Globally, education at the high end - law/medical/business programs - is a high-growth business. It always was. Both for those who are content to be employees and for the entrepreneurial there had been and are earning opportunities. The oldest service was providing SAT coaching services. In 1962, just about everyone in the college-preparatory program at Snyder High School in Jersey City, New Jersey, although not affluent in any way, paid for one or more courses.
Now, with an economy that has shifted from affluent to scarce and which is so volatile no one can figure it out, there is a flight to the supposed safety of education. Whether that assumption of a safe bet is valid is irrelevant. All that counts is that serving this market can be a gold mine.
Professionals most suited to be full-time employees, contract workers, or business owners are those, such as lawyers, who have shown they are good at going to school and expert at understanding the whole academic game of selecting a program, applying successfully to it, performing well once in it, and selling that degree on the actual job market. Yet, jobless lawyers aren't adequately identifying, exploring, and pouncing on these earnings possibilities.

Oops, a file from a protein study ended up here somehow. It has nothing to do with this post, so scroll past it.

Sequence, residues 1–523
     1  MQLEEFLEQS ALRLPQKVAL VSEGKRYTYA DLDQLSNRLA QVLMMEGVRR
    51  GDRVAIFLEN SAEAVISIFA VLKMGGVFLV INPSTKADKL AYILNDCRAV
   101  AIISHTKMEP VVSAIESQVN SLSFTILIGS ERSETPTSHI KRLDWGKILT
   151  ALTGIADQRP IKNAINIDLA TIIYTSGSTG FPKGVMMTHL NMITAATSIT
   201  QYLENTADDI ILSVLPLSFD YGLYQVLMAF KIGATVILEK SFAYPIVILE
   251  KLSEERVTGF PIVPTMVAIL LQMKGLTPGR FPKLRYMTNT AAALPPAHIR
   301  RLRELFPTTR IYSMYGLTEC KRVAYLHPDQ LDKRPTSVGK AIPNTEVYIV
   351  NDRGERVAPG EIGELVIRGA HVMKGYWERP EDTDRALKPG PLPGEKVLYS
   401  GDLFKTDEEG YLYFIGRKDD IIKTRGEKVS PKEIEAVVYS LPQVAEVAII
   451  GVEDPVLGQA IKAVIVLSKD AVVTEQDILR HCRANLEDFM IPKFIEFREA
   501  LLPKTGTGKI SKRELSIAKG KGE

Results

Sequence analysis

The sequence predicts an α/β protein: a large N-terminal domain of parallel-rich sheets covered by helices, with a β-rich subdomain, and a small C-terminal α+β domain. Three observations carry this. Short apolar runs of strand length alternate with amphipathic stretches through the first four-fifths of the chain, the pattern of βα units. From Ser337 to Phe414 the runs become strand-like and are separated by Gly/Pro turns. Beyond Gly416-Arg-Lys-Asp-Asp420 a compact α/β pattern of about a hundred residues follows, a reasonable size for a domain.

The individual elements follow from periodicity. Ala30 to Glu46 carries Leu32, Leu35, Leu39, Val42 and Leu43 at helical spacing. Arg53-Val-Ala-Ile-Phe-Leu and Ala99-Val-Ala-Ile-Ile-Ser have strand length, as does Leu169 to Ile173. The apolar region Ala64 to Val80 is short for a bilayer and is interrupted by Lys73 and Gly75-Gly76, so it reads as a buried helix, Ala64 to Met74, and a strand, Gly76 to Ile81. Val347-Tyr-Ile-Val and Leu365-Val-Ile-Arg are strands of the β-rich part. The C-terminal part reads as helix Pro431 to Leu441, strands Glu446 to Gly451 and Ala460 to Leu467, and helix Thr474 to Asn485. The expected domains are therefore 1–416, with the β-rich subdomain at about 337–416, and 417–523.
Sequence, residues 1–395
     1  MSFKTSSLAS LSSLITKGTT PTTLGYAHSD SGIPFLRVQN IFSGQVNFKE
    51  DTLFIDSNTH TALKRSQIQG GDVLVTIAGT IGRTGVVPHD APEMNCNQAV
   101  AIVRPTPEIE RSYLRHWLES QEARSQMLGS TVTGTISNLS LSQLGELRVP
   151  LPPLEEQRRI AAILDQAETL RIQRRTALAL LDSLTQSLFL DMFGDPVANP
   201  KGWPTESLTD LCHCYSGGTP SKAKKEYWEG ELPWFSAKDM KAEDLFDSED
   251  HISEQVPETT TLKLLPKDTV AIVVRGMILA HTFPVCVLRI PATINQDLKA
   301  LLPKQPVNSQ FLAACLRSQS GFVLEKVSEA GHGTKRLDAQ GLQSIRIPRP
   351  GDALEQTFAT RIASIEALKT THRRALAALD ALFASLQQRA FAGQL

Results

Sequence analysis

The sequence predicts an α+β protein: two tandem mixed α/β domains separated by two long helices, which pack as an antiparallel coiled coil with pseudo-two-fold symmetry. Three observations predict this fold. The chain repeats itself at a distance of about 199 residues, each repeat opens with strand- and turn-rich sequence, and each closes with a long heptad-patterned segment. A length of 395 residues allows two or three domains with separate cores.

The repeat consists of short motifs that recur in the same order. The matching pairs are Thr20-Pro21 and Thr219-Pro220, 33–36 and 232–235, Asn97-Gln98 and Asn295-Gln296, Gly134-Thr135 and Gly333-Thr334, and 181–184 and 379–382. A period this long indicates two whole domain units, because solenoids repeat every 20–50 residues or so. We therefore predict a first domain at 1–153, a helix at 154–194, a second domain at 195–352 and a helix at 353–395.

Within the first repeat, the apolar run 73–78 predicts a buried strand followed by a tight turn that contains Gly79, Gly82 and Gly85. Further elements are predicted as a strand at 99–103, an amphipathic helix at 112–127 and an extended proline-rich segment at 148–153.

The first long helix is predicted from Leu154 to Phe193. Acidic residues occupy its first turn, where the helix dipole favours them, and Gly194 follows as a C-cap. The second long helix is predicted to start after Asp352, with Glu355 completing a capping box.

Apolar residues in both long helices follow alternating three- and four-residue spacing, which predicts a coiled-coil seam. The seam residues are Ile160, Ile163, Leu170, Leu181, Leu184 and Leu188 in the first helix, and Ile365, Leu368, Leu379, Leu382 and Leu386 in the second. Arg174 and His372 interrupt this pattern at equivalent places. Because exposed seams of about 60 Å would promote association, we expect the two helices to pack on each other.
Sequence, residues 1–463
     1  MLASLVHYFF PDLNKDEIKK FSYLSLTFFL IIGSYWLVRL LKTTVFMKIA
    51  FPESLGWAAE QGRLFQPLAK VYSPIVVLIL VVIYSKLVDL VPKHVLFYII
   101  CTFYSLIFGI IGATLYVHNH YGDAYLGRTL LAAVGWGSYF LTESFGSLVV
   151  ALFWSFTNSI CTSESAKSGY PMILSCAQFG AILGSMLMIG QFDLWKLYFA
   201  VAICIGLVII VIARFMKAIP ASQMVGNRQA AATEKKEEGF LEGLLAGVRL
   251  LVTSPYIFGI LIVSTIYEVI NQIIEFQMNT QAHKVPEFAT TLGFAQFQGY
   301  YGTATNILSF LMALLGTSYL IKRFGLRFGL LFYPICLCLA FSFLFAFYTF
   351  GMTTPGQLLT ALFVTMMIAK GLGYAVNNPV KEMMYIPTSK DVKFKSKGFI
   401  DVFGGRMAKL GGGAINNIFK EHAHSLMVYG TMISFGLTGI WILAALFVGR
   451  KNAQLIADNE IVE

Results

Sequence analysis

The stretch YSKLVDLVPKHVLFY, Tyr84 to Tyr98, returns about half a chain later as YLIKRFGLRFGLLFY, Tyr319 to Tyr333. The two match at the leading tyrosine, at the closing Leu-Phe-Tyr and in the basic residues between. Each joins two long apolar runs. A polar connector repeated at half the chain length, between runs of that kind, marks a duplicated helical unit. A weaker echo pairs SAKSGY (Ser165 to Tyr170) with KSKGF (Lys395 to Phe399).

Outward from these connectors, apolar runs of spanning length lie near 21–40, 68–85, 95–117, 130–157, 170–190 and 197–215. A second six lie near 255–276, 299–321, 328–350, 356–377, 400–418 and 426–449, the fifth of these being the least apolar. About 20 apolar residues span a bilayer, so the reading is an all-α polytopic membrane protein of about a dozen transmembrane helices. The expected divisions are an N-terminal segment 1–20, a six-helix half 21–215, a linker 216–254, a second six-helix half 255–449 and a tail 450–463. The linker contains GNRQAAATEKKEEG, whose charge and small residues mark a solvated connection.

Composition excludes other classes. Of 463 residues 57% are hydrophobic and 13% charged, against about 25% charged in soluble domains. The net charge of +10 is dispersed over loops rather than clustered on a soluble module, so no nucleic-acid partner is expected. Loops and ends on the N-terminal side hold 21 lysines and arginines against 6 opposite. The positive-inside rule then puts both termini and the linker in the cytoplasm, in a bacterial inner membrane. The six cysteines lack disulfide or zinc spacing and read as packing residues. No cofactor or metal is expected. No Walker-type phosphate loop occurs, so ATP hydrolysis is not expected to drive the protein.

At the low end there is coaching LSAT. Craigslist in New Haven, Connecticut, for example, advertises part-time positions for $100 an hour. Applicants have to provide proof of having themselves aced the test. Most lawyers excel at standardized tests. This is a natural.
More interesting and lucrative are services which guide applicants and their parents [who are always in the loop for all decisions involving Generation Y] in whether to invest in a professional degree, how to wade through all the choices, and then how to proceed with the actual process of submitting the personal statement, going for an interview, and then choosing among several offers.
Then, there's the whole media built around going to school. The latest entry is POETS & QUANTS which, explains E.B. Boyd of WEBNEWSER on Mediabistro, is to be the "go-to place for serious applicants to the best MBA programs in the world." The founder is an experienced player in publications. He is John Byrne who had been editor at BUSINESS WEEK and FAST COMPANY. This trail has been blazed by wildly popular digital sites like Abovethelaw.
The ability to do well in school as well as have down cold how the game works is marketable. Unemployed lawyers who neglect packaging their backgrounds to sell into this niche are wasting their investment in participating in the educational system.